Being given the opportunity to perform a solo on the London Palladium stage has been an incredible career highlight for me. Two years ago, I entered Celtic Woman's 'Voices of Angels' UK competition after having seen the competition advertised online. I submitted a live performance of the Irish folksong, Danny Boy, which is a song I have loved to sing and perform since my first album release aged 9, Little Ray of Light. I had also performed the song as part of my ABRSM Grade 8 Singing exam in 2013 as my unaccompanied folk song, so was thrilled to see that it was the required song to enter the competition having done so much previous work on the piece.
I recorded my entry in the stunning Corinthian Room at Cokethorpe School, Oxfordshire, which has the most beautiful acoustics and holds a lot of sentimental value for me, having been the venue for my first album launch in 2005. Here is a link to my YouTube entry that won me the solo performance at the London Palladium:
A few weeks passed before I received an e-mail with the result of my entry. I could not believe that Celtic Woman had selected my video as the winning submission to perform on their 'Voices of Angels' UK tour, and even more shocked to find out that I had been chosen for the performance at the London Palladium. I prepared a performance of a solo rendition of The Prayer, a song that had been previously performed by Celtic Woman and one that I have sung frequently as both a solo and duet. I chose this song due to the requirements for both a softer, light vocal performance in the first verses before the more operatic middle and ending sections, showcasing my vocal versatility and allowing me to perform to my strengths.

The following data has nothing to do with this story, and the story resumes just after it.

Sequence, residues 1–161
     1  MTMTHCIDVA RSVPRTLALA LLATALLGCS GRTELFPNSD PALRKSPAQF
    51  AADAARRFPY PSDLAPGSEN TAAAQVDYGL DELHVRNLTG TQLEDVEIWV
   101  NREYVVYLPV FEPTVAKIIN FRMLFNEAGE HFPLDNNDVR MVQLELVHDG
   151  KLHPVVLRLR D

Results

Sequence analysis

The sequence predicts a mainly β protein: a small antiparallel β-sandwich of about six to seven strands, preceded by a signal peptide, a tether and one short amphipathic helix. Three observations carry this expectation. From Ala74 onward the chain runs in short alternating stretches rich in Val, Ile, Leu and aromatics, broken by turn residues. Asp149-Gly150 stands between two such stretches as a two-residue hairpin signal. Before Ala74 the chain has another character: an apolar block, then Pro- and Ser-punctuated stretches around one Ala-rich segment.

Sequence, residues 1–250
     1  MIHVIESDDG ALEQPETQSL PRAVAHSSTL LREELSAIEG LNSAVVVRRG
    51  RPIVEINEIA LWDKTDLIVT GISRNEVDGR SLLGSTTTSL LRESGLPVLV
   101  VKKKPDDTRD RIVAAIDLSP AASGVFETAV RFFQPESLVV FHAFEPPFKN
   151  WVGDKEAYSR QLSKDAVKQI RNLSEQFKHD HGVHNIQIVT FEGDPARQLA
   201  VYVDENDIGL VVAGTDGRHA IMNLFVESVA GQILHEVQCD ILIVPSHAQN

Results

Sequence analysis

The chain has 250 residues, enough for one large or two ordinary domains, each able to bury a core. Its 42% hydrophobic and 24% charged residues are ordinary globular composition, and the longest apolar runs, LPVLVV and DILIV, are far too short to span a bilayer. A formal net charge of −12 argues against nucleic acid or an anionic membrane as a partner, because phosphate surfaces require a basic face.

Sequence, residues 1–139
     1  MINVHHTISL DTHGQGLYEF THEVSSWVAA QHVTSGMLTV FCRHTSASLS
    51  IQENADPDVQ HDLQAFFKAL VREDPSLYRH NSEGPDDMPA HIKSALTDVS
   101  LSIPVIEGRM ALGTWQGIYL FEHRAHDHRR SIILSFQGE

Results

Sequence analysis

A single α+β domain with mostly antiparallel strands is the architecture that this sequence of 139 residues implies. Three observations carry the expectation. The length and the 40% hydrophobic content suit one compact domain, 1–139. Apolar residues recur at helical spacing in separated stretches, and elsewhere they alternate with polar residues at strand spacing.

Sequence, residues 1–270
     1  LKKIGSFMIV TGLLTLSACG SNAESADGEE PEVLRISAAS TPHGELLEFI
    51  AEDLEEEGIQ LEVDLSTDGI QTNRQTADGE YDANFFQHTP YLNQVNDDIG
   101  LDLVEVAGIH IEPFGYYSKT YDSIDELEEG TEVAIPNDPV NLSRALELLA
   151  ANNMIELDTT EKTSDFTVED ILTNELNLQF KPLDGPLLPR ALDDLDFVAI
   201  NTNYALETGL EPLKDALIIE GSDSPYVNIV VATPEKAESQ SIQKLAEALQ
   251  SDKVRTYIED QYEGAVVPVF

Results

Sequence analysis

On the day of the performance, I spent the day rehearsing and becoming accustomed to the incredible performance venue. Sound-checking my song with Celtic Woman's musical director, Gavin Murphy, accompanying me on the piano was surreal; the entire London Palladium auditorium was empty and vast. The Celtic Woman team were so welcoming and conscious to make me a part of the ensemble for the day. I had never performed with in-ear monitors before, and so took some time to get used to hearing both my voice and the piano accompaniment relayed directly back into my ears.
The show began and so too did the anxious wait for my performance. I remember being stood in the wings watching the performance, and getting to look into the famous backstage mirror, where big names of the industry who have performed there in the past have all looked into before their stage entrance. The experience was very humbling and gave me a huge amount of motivation and confidence in my ability to pursue my performing dreams.
I was introduced to perform, and after a very welcoming applause, the auditorium was eerily silent. I have performed at similar sized venues in the past, but nothing compared to the sheer focus upon me and my accompanist in those five minutes. The blinding lights made it easy to totally lose myself in the song, and enjoy an incredible experience that I had been preparing for for months.
The experience was totally surreal and overwhelming, and one that I will always cherish. I felt very lucky to have such supportive family and friends who travelled to London especially to see me perform on the London Palladium stage for those five minutes. I will always be grateful to the Celtic Woman team for the opportunity and hope to perform on that incredible stage again in the future.